The Situational Leadership® model is based on the idea that the most effective leadership style depends on the performance readiness level of the individual or team being led.
Here are the four levels of performance readiness:
Unable and Insecure or Unwilling (R1)
It’s natural for developing team members who don’t have the specific skill set required for a task to be insecure or unwilling to perform it. This calls for a more directive style (S1), where you give detailed instructions to each team member on what to do, how to do it, and by when.
Unable but Confident or Willing (R2)
These team members have some skills, but not at the level that’s needed to be successful in performing the task. They may also not be fully committed to the mission.
The most appropriate leadership style to use here is one that coaches them in problem-solving and engages them in the process (S2).
Able but Insecure or Unwilling (R3)
These team members are highly skilled and might even have more expertise than you in their respected field! However, they may be experiencing low confidence or insecurity about performing a particular task on their own for the first time.
The leadership style that best supports this situation is one that encourages team members and inspires risk-taking (S3). The skills and knowledge of the team can be combined to tackle the challenge at hand.
Able and Confident and Willing (R4)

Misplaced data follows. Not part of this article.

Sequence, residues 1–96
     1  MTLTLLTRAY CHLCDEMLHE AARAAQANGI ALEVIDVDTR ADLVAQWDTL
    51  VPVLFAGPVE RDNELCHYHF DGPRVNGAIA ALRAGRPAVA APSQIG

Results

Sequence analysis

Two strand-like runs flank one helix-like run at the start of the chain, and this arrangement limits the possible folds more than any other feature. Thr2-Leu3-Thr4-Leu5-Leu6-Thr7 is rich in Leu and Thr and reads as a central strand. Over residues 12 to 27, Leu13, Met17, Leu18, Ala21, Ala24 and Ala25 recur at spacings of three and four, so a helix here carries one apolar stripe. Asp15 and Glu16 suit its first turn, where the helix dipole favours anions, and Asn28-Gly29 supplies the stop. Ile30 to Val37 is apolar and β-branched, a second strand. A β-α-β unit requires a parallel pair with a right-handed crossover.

These developed team members are highly skilled, and they have a high level of confidence and commitment. This calls for a more delegating style (S4), where you will empower them to work independently toward achieving agreed-upon goals.
What Are the Benefits of Situational Leadership®?
Integrating the Situational Leadership® model into the fabric of your culture:
- Provides a common language of performance
Situational Leadership® training establishes a common language that enables you and your team to gain alignment on tasks, address barriers to success, communicate needs, and provide support.
- Enables agility
In the face of change and disruption, the Situational Leadership® framework serves as a roadmap that allows organizations to navigate ambiguity and get back on track faster.
- Reduces time to autonomy
When your team understands their roles and responsibilities within the organization and are given a framework to assess their own performance and communicate their needs, it accelerates the quality and pace of development.
- Helps leaders and their teams thrive
As a leader, you are equipped with the skills to own your role in the leadership process by identifying and communicating what you need to be successful. This also means more engaged team members — and that is the foundation for innovation.
Unlock Your Leadership Potential With the Situational Leadership® Model
DOOR International has been at the forefront of leadership development for more than four decades. We truly believe that the Situational Leadership® Model is more relevant today than it has ever been for leaders across all industries and in every walk of life.
But enough about us. Here’s what world-leading organizations who use Situational Leadership® to accelerate their performance say:
“Situational Leadership gives us a road map for how to behave, provide perspective, and approach the new way of thinking.” — Hilti Group
“Situational Leadership is fundamental to how we wanted our managers to behave – how to adapt their leadership style and how to affect others’ perception of them as leaders.” — Lafargeholcim North America
We deliver training programs that can empower your leaders to build meaningful connections that drive exponential growth.